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Fire and Ice

The potential for carburetor fires due to over-priming — especially in cold weather

Source:, By Susan Parsons

During an unusually cold and miserable east coast winter a few years ago, I got this email from a flying club member: “Carb fire. Aircraft grounded.”

Uh-oh. My plans for a cozy day by the fireplace went up in smoke as I scrambled to get information and take care of all the details that arise from even minor incidents. Though the damage was significant enough to require extensive and expensive repairs to the carburetor, there were no injuries, and the airplane was largely unscathed.

With winter weather fast approaching, we chose to focus this issue on helping you mitigate the hazards that winter poses for GA so you can better enjoy some of the benefits (e.g., better performance, clearer skies). My flying club’s experience illustrates one of those hazards. If you fly an airplane with a carburetor, you should always be mindful of the potential for carburetor fires due to over-priming — especially in cold weather.

Prime Conditions for Fire

Even with preheat — essential in some circumstances, and highly desirable in many others — GA airplane engines can be very hard to start in cold weather. Pilots quickly learn that judicious use of the fuel primer can help, and here’s why. In a carbureted aircraft, the primer delivers vaporized fuel directly to the cylinders. This “pre-vaporization” can help with cold-weather ignition because there is otherwise not enough heat already available to vaporize fuel in the carburetor and get the combustion process going in the engine, where it belongs.

The problem arises when too much time passes between priming and attempting to start the engine. Vaporized fuel doesn’t last very long in that state. It quickly pools at the intake manifold, and the excess fuel drips into the cowl, around the air intake, and onto the ground below. Now all it takes is a single spark to ignite the various puddles of fuel and start a fire that could cause major damage or injury.

An Ounce of Prevention

There are easy and obvious ways to reduce the risk of carburetor fires. First is to avoid the need (and the temptation) for extra priming by keeping the engine warm to begin with. Keeping the bird in a hangar is helpful. A friend takes it a step farther: his AMT installed a small oil heater that he can plug into a hangar wall outlet. He uses an “internet of things” style app to activate the gadget only when he plans to fly. Remotely commanding the heater to start before he leaves for the airport gets the airplane’s engine and vital fluids toasty enough for an easy start on cold mornings. (Yes, I am envious.)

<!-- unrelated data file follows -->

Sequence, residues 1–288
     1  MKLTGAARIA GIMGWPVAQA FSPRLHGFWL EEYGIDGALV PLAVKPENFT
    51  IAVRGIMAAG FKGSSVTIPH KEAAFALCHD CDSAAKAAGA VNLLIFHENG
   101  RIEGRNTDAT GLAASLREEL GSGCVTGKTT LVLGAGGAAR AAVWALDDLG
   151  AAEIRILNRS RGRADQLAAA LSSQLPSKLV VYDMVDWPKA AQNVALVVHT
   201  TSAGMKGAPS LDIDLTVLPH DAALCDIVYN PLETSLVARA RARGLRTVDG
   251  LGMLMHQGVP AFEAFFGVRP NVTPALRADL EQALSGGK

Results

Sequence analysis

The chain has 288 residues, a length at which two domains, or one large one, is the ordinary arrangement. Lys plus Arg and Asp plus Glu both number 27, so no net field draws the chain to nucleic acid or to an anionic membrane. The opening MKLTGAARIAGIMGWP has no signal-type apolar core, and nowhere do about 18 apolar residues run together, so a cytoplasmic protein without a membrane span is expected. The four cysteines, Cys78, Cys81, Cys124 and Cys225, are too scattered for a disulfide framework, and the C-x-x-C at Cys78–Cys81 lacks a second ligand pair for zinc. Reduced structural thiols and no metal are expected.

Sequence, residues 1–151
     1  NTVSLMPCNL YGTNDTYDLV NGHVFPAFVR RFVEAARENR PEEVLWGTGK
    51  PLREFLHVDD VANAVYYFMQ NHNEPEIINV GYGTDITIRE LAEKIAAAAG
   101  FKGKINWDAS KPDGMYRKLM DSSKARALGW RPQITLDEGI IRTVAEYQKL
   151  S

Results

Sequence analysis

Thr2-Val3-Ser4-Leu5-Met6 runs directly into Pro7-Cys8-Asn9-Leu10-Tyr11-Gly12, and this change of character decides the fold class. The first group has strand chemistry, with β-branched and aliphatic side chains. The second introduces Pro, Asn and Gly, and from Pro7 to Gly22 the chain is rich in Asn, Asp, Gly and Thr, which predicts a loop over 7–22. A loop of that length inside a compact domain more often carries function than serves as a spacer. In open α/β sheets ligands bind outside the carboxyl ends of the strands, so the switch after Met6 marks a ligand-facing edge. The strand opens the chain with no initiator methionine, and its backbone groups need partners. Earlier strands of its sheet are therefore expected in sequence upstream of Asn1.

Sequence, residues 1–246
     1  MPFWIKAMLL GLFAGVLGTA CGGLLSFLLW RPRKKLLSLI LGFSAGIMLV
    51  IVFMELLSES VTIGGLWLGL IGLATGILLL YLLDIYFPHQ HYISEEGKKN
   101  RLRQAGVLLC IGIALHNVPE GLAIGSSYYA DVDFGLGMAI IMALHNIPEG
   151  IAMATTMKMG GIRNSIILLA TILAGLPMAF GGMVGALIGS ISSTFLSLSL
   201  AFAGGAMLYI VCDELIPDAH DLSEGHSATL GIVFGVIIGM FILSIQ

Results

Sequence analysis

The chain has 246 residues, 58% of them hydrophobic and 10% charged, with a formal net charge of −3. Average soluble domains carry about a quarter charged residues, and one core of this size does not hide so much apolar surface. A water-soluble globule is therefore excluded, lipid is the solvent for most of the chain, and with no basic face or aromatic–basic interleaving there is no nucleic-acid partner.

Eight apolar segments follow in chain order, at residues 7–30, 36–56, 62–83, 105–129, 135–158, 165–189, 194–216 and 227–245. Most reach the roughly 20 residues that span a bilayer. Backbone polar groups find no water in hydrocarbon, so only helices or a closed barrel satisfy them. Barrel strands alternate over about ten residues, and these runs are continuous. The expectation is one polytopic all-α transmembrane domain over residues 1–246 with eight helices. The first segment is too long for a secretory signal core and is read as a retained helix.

If you are stuck with an outdoor tiedown space, it’s worth renting overnight hangar parking from the FBO, if such options are available. My club’s airplane has a rule requiring the pilot to arrange overnight hangar parking if temperatures fall below certain values.

The third option — using preheat devices — is better than attempting a stone-cold start, but it’s the least desirable because it is awkward and often inefficient. It’s also tough on the pilot and passengers, who get colder by the minute even as the engine is theoretically getting warmer.

Regardless of engine temperatures, the most important way to prevent carb fires is to avoid over-priming. Start with the smallest number of primer strokes, and increase up to the limit if the engine does not start. What’s the limit? Theories differ, but many pilots (and schools) limit themselves to four strokes of the primer. Even if the POH allows for up to six strokes — and some do — consider that conditions requiring such measures are telling you something (e.g., you need to preheat!). If the engine starts and then falters, use the same number of strokes of prime, and crank the engine as you push in the last priming stroke. Engine roughness and black smoke are clear signs of over-priming.

What If ...?

Even if you don’t think you are over-priming, you and your passengers should always be prepared for the possibility of a fire. Know the POH procedures by heart, and be prepared to execute them immediately if you see or suspect an engine fire. You and your passengers should also know the location and procedures for using the on-board fire extinguisher. I hope it goes without saying that you should not fly the airplane after any actual or suspected fire until your AMT inspects it for damage.

Keep the fire where it belongs, and enjoy the benefits of winter flying!

Susan Parson is editor of FAA Safety Briefing. She is an active general aviation pilot and flight instructor.

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